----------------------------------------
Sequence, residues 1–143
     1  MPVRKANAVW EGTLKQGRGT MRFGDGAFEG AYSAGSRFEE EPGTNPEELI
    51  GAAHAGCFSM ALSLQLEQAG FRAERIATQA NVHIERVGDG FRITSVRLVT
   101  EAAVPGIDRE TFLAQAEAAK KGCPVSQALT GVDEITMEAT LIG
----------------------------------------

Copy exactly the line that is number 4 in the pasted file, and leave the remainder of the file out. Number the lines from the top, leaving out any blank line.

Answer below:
   101  EAAVPGIDRE TFLAQAEAAK KGCPVSQALT GVDEITMEAT LIG